New ETSI standard for EU-compliant electronic signatures

ETSI Headquarters, Sophia Antipolis, France – 14 September 2009

ETSI has published a multi-part standard that will facilitate secure paperless business transactions throughout Europe, in conformance with European legislation. The standard defines a series of profiles for PAdES – Advanced Electronic Signatures for Portable Document Format (PDF) documents – that meet the requirements of the European Directive on a Community framework for electronic signatures (Directive 1999/93/EC).

The ETSI standard supports a European Commission Action Plan that seeks to build on existing experience in this area and further improve the efficiency of cross-border use of electronic signatures. Open technical standards, such as those produced by ETSI, provide an ideal means for ensuring the required interoperability such that, for example, a document created and signed in one Member State can be validated in another. 

The standard also recognizes that digitally-signed documents may be used or archived for many years – even many decades. At any time in the future, in spite of technological and other advances, it must be possible to validate the document to confirm that the signature was valid at the time it was signed – a concept known as Long-Term Validation (LTV).

The new standard was developed by ETSI's Electronic Signatures and Infrastructure (ESI) Technical Committee in collaboration with PDF experts. PDF is defined in a standard (ISO 32000-1) published by the International Organization for Standardization (ISO), so the ETSI activity included reviewing and documenting how ISO 32000-1 can satisfy the European Directive. The resulting PAdES standard, ETSI Technical Specification (TS) 102 778, also introduces a number of adaptations and extensions to PDF to satisfy the Directive's requirements. ETSI will feed these European-specific elements back into ISO for inclusion in the next release of the PDF standard, ISO 32000-2.

PAdES is complementary to two other Electronic Signature concepts also developed by ETSI's ESI committee, both widely recognised within the European Union and suited for applications that do not involve human-readable documents: Cryptographic Message Syntax Advanced Electronic Signatures (CAdES) and XML Advanced Electronic Signatures (XAdES).

As with all ETSI standards, the PAdES, CAdES and XAdES standards can be downloaded free of charge from the ETSI website at http://pda.etsi.org/pda/.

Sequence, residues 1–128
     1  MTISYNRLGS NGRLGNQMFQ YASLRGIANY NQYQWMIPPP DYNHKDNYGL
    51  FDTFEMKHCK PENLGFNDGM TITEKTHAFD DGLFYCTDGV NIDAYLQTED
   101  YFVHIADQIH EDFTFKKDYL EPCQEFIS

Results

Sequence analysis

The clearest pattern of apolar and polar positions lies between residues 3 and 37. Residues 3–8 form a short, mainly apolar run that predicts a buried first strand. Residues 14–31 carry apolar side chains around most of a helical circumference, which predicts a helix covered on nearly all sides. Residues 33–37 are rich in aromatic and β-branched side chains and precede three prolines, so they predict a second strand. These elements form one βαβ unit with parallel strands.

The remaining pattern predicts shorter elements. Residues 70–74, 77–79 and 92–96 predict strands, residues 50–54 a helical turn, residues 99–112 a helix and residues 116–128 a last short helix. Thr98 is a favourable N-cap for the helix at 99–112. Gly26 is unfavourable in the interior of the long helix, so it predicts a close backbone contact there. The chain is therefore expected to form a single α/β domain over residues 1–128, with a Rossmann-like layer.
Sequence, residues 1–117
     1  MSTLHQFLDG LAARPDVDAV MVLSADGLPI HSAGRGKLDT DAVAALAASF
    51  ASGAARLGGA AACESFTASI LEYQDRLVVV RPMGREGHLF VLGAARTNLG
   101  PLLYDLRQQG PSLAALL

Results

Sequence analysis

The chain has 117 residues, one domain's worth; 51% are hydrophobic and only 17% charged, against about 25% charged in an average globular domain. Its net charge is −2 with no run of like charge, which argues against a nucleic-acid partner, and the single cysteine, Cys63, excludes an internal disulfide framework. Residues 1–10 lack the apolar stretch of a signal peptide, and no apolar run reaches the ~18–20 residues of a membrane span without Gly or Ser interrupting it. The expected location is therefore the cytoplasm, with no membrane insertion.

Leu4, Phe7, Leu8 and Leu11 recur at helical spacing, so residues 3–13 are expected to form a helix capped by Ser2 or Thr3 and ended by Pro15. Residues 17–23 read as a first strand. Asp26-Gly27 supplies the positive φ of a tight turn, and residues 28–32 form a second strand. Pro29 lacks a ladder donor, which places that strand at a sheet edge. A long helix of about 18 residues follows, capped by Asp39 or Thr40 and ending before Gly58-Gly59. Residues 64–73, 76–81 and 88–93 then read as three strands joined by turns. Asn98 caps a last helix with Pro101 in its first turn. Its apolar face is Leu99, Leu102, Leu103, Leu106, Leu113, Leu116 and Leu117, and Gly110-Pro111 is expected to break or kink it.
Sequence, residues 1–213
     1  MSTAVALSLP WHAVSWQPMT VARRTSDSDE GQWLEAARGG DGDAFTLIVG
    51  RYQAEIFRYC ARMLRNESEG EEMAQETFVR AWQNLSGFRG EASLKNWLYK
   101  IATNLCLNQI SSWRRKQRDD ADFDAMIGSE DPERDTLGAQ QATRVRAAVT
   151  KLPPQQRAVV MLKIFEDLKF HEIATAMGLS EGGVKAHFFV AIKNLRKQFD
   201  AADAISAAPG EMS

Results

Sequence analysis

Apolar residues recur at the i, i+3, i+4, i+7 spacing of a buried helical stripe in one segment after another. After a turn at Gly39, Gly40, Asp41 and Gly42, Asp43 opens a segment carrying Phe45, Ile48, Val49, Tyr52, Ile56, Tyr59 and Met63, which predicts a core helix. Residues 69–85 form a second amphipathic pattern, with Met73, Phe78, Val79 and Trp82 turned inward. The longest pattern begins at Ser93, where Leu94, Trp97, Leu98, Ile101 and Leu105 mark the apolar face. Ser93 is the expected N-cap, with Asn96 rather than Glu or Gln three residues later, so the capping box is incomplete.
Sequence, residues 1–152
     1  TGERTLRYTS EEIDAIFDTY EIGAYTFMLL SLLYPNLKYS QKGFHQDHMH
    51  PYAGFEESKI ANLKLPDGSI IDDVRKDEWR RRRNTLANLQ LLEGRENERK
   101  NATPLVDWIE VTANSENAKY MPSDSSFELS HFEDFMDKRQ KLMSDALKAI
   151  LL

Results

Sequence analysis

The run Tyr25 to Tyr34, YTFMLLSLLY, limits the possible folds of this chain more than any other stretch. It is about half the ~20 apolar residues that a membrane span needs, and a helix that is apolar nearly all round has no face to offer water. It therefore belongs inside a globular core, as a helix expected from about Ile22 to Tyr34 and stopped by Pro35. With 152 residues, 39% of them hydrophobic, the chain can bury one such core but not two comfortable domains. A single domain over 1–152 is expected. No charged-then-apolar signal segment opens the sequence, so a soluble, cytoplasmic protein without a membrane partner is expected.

PDF and PAdES – major enablers for electronic commerce
PDF provides an electronic analogue to paper documents and also allows richer digital content to be stored and presented to the user. The transition from paper to PDF is eased by PDF's ability to electronically represent nearly any form of paper document and by its support for electronic signatures which are today's equivalent of yesterday's ink signatures.

An electronic signature is a paperless way to sign a document using a unique credential associated with a given person that is logically attached to or associated with the document, carrying an authority equivalent to a handwritten signature. It can be used to authenticate the signer as well as to detect any changes in the document made after it was signed. Electronic signatures are recognized as a catalyst to electronic commerce, notably Internet transactions. Availability of electronic signature techniques has already been a major stimulus to eBusiness and eGovernment.

For PDF documents, the signature data is incorporated directly within the signed PDF document, much as an ink signature becomes an integral part of a paper document, allowing the complete self-contained PDF file to be copied, stored and distributed as a simple electronic file. The signature can also have a visual representation as a form field, just as it might on a paper document. A significant advantage of PAdES is that it is being deployed by means of widely available PDF software: it does not require development or customization of specialized software. 

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Notes for Editors

About ETSI
ETSI produces globally-applicable standards for Information and Communications Technologies (ICT), including fixed, mobile, radio, converged, aeronautical, broadcast and internet technologies and is officially recognized by the European Commission as a European Standards Organization. ETSI is an independent, not-for-profit association whose 766 member companies and organizations, drawn from 63 countries across 5 continents worldwide, participate directly in its work.
For more information please visit: www.etsi.org  

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About the new ETSI PAdES standard (TS 102 778)
ETSI Technical Specification (TS) 102 778 contains five parts:
• Part 1: PAdES Overview – a framework document for PAdES
• Part 2: PAdES Basic – Profile based on ISO 32000-1
• Part 3: PAdES Enhanced – PAdES-Basic Electronic Signatures and PAdES-Explicit Policy Electronic Signatures Profiles
• Part 4: PAdES Long Term – PAdES-Long Term Validation Profile
• Part 5: PAdES for XML Content – Profiles for XAdES signatures of XML content in PDF files
 All five parts were published on 31 July 2009.

 

For more information about ETSI's PAdES standards, please contact: For general ETSI press enquiries
Sonia Compans
ETSI
Tel: +33 4 92944336
Email: sonia.compans@etsi.org
Paul Reid, Events & Communications 
ETSI
Tel:  +33 4 92944219  
Email: paul.reid@etsi.org